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  • Kasper Topp

What is mixing?

Balance, clarity, punch and power - this part of the music production can make or break a record. A great mix makes a song come into its own, connect with the listener and convey the message and feeling as accurately as possible. A great mix is also one that is as exciting and compelling to listen to, technically, as the song itself, and to achieve that it is extremely important to have proper source tracks to work with in the mixing stage. You can only polish so much - so don’t skip ahead!



The first rule of mixing: If it sounds good, it sounds good!

Second rule of mixing: If it sounds good... it sounds good!



The mixing process itself can be divided into three basic steps: Preparation, balancing and polishing. Preparation involves setting levels, panning tracks, maybe adding effects and other tasks that need to be done before actually mixing the song itself. Balancing involves getting the levels of the different tracks to sound good together. This is when you will make decisions about how loud each instrument should be, and which instruments will be panned where. Polishing is the final step in the mixing process and involves adjusting and automating effect sends, levels. Crafting a mix is not an easy task, but it can be done by following a few steps:


Creating a Concept

A concept is the idea or story behind the record, it gives your work direction and will help keep you on track with your mix. It helps you to focus on what’s important and what isn’t, and it helps you to decide what kind of feel or mood would fit the song best. Try to imagine how the song would sound if it was played in a club or on the radio - does it have potential? A great way to create a concept for your record is by making a mood board. A mood board is a collection of images that represent the song and its concept, it can be anything from magazine cutouts to photos of your favorite artists.


Setting the Stage

Before you start mixing, make sure you have everything set up properly. Make sure your monitors are set up correctly, and that they are calibrated properly to your room (if possible). Make sure you have the right plugins installed and that they are working correctly. Listen to your favorite music - somthing that you know well - and listen to it while setting up your mix environment so that you can quickly identify any issues with your room or equipment.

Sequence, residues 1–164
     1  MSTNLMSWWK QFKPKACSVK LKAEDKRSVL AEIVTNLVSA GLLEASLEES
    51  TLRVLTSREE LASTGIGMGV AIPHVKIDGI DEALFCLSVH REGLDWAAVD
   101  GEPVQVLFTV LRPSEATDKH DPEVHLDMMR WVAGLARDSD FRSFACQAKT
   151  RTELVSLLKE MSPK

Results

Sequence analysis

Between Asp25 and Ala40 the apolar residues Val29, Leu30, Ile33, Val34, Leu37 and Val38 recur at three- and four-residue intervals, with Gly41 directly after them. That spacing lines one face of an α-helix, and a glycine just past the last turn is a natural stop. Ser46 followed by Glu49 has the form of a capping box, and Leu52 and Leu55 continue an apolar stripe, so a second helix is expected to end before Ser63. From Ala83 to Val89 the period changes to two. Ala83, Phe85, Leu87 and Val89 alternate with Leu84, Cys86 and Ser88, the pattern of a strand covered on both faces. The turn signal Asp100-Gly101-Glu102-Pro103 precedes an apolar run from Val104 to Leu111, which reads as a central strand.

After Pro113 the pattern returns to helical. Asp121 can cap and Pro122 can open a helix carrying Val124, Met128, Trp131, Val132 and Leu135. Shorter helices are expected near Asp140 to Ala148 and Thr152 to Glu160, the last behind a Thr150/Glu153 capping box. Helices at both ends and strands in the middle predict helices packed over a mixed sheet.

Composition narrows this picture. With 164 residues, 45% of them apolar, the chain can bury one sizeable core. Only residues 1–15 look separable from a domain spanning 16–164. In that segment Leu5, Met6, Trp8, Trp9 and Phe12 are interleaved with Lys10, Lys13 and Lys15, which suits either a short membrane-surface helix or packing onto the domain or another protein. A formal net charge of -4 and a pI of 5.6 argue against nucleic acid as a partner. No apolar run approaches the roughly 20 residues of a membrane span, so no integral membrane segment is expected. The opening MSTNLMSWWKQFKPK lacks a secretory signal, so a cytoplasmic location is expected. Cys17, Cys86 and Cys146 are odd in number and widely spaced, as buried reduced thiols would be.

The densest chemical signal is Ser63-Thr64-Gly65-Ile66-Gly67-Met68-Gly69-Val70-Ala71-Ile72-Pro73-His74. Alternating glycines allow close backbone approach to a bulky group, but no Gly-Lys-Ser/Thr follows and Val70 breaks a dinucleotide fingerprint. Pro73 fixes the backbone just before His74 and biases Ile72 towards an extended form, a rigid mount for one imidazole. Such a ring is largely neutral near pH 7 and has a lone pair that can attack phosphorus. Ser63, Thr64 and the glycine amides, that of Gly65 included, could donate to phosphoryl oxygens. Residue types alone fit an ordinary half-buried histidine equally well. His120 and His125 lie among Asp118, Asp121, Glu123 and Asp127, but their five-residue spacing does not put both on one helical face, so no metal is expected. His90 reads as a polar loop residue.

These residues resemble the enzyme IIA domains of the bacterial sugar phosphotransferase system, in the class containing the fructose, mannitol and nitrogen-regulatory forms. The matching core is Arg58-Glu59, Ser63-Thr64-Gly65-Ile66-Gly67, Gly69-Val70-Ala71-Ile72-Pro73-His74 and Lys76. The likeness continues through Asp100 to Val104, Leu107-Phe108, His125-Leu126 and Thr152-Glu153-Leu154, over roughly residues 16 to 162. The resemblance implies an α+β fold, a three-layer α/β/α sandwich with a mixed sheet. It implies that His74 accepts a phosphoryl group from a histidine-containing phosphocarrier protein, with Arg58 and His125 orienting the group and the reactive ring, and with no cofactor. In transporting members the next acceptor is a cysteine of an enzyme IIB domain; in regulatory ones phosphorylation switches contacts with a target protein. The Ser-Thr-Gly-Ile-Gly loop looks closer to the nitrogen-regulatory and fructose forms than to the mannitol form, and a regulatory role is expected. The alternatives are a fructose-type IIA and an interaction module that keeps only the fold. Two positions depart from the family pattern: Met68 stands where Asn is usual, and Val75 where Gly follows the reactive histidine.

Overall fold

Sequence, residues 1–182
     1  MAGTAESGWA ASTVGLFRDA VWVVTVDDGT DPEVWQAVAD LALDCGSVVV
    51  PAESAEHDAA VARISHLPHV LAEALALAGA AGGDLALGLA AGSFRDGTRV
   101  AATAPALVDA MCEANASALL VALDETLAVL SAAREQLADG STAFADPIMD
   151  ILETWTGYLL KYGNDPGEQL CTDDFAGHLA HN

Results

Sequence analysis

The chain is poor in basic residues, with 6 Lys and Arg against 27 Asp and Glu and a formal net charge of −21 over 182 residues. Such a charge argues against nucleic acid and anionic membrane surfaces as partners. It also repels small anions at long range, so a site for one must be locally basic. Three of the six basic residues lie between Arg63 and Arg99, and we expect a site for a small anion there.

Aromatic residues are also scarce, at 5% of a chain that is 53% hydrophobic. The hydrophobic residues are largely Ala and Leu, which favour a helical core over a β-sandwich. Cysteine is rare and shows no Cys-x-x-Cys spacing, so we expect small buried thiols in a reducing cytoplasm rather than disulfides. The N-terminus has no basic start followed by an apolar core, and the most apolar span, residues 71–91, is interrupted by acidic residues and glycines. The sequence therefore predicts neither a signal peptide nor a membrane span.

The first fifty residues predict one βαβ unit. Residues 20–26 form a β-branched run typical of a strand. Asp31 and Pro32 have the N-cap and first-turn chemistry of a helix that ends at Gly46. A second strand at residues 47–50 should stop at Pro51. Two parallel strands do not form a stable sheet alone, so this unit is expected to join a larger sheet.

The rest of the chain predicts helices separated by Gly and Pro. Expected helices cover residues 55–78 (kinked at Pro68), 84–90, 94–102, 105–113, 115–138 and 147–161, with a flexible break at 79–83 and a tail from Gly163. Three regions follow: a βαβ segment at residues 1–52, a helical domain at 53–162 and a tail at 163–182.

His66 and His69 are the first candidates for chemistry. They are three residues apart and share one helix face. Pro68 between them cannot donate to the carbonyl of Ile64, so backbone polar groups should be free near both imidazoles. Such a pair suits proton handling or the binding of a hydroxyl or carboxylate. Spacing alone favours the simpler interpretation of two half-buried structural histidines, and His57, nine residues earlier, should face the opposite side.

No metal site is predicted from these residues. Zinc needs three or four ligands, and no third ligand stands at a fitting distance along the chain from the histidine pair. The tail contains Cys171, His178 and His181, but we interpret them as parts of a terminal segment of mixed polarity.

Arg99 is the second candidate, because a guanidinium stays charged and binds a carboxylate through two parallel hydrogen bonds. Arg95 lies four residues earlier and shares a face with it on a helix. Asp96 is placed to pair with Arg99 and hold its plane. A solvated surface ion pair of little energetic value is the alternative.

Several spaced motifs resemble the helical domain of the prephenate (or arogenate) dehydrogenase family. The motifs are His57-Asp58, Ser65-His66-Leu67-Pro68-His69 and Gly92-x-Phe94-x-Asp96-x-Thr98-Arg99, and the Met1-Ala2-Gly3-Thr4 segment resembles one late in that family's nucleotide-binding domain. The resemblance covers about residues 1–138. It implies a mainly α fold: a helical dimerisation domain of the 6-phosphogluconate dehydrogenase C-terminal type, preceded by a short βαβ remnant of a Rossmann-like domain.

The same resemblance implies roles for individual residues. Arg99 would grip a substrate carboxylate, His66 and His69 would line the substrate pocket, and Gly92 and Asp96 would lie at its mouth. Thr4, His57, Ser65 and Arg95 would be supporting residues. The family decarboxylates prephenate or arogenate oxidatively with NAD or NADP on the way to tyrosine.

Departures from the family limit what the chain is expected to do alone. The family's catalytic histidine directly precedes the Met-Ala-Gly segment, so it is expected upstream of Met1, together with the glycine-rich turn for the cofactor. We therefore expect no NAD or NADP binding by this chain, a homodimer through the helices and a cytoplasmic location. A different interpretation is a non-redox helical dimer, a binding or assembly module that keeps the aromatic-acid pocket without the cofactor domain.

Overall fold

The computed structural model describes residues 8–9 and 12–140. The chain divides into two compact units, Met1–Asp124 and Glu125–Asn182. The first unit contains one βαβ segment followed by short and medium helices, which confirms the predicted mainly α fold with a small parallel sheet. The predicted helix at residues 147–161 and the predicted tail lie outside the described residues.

The Mixing Process

Set Initial Levels: Before you start mixing, make sure all your tracks are at a healthy level. If the audio signal is too low you'll have noise (bit quantization and/or dither) and if it's too loud, you'll hear clipping and distortion. Once all the levels are set, pan each track to an appropriate position, making sure stereo tracks are in fact stereo and not accidentally set to mono. You can check the panning visually by looking at where it is panned on your computer screen, or use your ears by turning off all tracks except one (yep, the 'solo'-button is cool for that) and you should be able to hear a distinct difference between left and right channels and feel that the sound has width, as if the sound comes from not only the speakers, but from in between and maybe even beyond you speaker positions.


Add Effects: Any effects that you want to add should be added now. For example, if you want to add reverb or delays, do it now.


Automate Tracks: Automating tracks involves adjusting level or other parameters for each track in the mix over time. For example, if you want your kick drum to get louder as a song progresses, you would automate its volume so that it increases as time goes by. If you're not familiar with automating tracks, don't worry about it too much. You can skip it for now and come back to it later (if you're not familiar with automating tracks, here is a good tutorial on how to do it).


Balancing: Prioritize your material! The important stuff (like vocals) should be up front, loud and clear and the less important should be kept at a level where it does not interfere and distract. Adjust the levels of each track relative to one another in order to achieve the best possible sound for a given song. What's the best sound? That's depending on genre, and you'll need a reference tack - check out the next point:


Use a Reference Track: For every song you mix, set a reference track that represents what you want your song to sound like. I recommend finding songs that are similar stylistically and mixing those instead of trying to mix every genre under the sun. Don't be mixing in the blind - seasoned pro mixers use reference tracks all the time because it works.


Use Your Ears: Use your ears and have an opinion what you hear! If something sounds bad, change it. If you create something that you think sound amazing, don`t touch it - leave it there and don't be afraid to!

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